With deployments well under way, Garnier believes that the adoption of fibre is where policymakers and the industry will need to focus their efforts in the future. He says: “While our Market Forecasts 2022-2027 report a positive trend in terms of take-up in the next five years, we currently observe an important disparity between FTTH deployment and adoption rates at European level, which needs to be urgently addressed. In light of this, the FTTH Council Europe is working on an important study that will lead to a series of recommendations to boost the adoption and effective usage of full-fibre infrastructures in Europe.”   

With the view of reconfirming FTTH technology as the key element in achieving the gigabit connectivity target for all EU households by 2030, the FTTH Council Europe will also continue to contribute and provide inputs to relevant upcoming legislative initiatives at the EU level. Continues Garnier: “As part of these efforts, we are anticipating the work on the Access Recommendation and Broadband Cost Reduction Directive review as well as the update of the State Aid Guidelines, all of which will greatly matter for the sector.”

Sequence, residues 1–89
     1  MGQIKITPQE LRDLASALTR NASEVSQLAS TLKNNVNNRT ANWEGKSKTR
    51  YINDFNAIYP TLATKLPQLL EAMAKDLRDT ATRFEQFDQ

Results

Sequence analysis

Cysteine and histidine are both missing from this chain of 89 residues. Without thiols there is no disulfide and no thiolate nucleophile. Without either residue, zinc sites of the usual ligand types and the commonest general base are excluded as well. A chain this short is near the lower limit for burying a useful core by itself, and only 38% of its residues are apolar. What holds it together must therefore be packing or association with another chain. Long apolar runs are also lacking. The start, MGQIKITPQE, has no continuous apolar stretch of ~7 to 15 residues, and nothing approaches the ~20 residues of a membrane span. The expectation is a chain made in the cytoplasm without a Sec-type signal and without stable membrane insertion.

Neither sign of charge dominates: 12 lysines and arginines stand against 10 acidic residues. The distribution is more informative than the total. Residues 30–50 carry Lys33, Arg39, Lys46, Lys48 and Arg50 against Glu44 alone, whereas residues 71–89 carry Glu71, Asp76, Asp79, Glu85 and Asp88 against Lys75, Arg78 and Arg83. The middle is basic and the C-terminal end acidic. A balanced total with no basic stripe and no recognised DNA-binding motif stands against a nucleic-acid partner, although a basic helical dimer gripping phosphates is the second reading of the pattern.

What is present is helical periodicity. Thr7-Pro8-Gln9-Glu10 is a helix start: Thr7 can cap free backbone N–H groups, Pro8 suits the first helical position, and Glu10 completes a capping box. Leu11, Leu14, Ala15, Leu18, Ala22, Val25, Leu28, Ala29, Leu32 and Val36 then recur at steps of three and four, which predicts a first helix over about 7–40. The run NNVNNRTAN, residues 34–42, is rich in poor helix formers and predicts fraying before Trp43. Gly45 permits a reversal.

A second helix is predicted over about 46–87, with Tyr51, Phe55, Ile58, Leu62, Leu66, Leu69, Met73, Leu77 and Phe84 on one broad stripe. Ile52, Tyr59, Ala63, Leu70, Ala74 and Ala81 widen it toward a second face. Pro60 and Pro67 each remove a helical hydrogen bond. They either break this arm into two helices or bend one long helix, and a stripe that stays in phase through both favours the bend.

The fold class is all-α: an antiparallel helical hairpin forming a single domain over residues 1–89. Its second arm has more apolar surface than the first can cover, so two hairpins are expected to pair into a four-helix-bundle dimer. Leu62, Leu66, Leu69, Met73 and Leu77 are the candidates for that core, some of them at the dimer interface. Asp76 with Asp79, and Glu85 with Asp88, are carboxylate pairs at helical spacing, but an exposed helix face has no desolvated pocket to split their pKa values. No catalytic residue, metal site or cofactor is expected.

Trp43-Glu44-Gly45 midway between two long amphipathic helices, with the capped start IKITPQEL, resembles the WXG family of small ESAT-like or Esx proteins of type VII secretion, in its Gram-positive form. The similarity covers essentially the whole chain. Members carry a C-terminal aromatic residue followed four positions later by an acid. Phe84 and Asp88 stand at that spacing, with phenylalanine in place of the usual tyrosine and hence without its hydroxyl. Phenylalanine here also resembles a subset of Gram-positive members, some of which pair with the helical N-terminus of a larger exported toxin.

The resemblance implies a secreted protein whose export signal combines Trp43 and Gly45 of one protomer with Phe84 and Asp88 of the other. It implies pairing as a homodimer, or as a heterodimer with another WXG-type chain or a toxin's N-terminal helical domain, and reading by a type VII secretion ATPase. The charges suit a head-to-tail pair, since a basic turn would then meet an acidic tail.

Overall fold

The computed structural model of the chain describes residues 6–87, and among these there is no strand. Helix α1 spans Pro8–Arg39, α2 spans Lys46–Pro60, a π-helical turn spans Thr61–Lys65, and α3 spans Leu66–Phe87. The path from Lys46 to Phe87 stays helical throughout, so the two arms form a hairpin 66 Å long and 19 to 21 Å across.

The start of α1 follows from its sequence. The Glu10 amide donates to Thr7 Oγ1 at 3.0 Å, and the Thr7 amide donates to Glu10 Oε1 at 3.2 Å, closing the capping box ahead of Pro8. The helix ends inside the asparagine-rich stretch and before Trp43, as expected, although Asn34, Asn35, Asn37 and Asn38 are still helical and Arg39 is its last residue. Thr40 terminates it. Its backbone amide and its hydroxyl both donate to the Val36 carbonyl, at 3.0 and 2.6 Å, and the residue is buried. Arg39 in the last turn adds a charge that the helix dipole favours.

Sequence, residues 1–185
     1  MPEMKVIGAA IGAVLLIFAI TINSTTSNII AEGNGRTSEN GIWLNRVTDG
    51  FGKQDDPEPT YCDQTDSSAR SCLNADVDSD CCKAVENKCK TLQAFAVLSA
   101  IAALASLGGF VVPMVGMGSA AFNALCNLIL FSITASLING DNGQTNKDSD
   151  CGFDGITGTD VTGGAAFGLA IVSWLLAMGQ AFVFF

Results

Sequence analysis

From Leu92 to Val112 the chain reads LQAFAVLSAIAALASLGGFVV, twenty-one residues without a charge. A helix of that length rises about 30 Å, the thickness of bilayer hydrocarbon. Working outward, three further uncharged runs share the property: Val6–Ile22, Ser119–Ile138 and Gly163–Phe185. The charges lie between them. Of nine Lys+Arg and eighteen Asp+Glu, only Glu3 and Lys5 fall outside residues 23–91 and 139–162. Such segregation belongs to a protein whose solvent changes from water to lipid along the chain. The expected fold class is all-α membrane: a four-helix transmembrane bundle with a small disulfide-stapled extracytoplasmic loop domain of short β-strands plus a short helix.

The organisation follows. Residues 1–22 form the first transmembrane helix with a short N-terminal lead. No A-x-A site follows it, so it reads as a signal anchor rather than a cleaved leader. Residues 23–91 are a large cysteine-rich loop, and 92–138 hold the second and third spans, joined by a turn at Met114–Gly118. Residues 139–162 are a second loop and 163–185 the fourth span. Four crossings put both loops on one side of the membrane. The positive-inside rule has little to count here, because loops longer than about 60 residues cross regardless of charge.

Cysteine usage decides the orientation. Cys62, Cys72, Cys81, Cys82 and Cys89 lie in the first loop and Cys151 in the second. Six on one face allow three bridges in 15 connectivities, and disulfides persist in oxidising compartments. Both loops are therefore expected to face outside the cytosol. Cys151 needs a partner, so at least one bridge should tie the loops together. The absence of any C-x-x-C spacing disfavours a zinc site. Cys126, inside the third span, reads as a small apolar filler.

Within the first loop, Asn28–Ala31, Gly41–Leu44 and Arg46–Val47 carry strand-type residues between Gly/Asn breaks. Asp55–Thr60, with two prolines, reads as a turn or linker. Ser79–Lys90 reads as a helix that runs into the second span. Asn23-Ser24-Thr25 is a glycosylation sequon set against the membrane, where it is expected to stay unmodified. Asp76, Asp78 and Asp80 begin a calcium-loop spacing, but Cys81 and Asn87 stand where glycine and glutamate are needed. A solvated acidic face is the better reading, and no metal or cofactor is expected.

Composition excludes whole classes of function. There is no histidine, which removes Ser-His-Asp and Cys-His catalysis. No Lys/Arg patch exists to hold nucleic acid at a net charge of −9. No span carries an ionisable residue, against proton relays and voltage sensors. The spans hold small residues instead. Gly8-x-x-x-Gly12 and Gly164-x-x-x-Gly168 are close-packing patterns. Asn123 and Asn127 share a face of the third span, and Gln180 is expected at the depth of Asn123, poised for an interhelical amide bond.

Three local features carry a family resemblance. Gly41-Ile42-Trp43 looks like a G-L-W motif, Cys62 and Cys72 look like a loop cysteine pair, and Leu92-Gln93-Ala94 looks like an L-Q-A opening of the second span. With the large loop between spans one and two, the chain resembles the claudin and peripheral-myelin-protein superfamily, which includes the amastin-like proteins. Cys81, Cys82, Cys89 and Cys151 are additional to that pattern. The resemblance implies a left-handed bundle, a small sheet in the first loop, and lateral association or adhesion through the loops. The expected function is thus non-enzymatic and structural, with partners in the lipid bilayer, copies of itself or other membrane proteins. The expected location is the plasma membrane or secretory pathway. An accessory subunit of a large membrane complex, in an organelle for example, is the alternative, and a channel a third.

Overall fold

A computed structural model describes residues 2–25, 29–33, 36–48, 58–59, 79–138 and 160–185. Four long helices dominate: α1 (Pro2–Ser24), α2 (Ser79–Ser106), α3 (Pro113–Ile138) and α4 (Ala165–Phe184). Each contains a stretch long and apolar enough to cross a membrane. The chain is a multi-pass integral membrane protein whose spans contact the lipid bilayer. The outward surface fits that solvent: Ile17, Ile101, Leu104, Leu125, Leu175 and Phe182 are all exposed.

However, he highlights, that despite the positive environment in which our industry currently finds itself, there are still many challenges that still need to be addressed:

In-home connectivity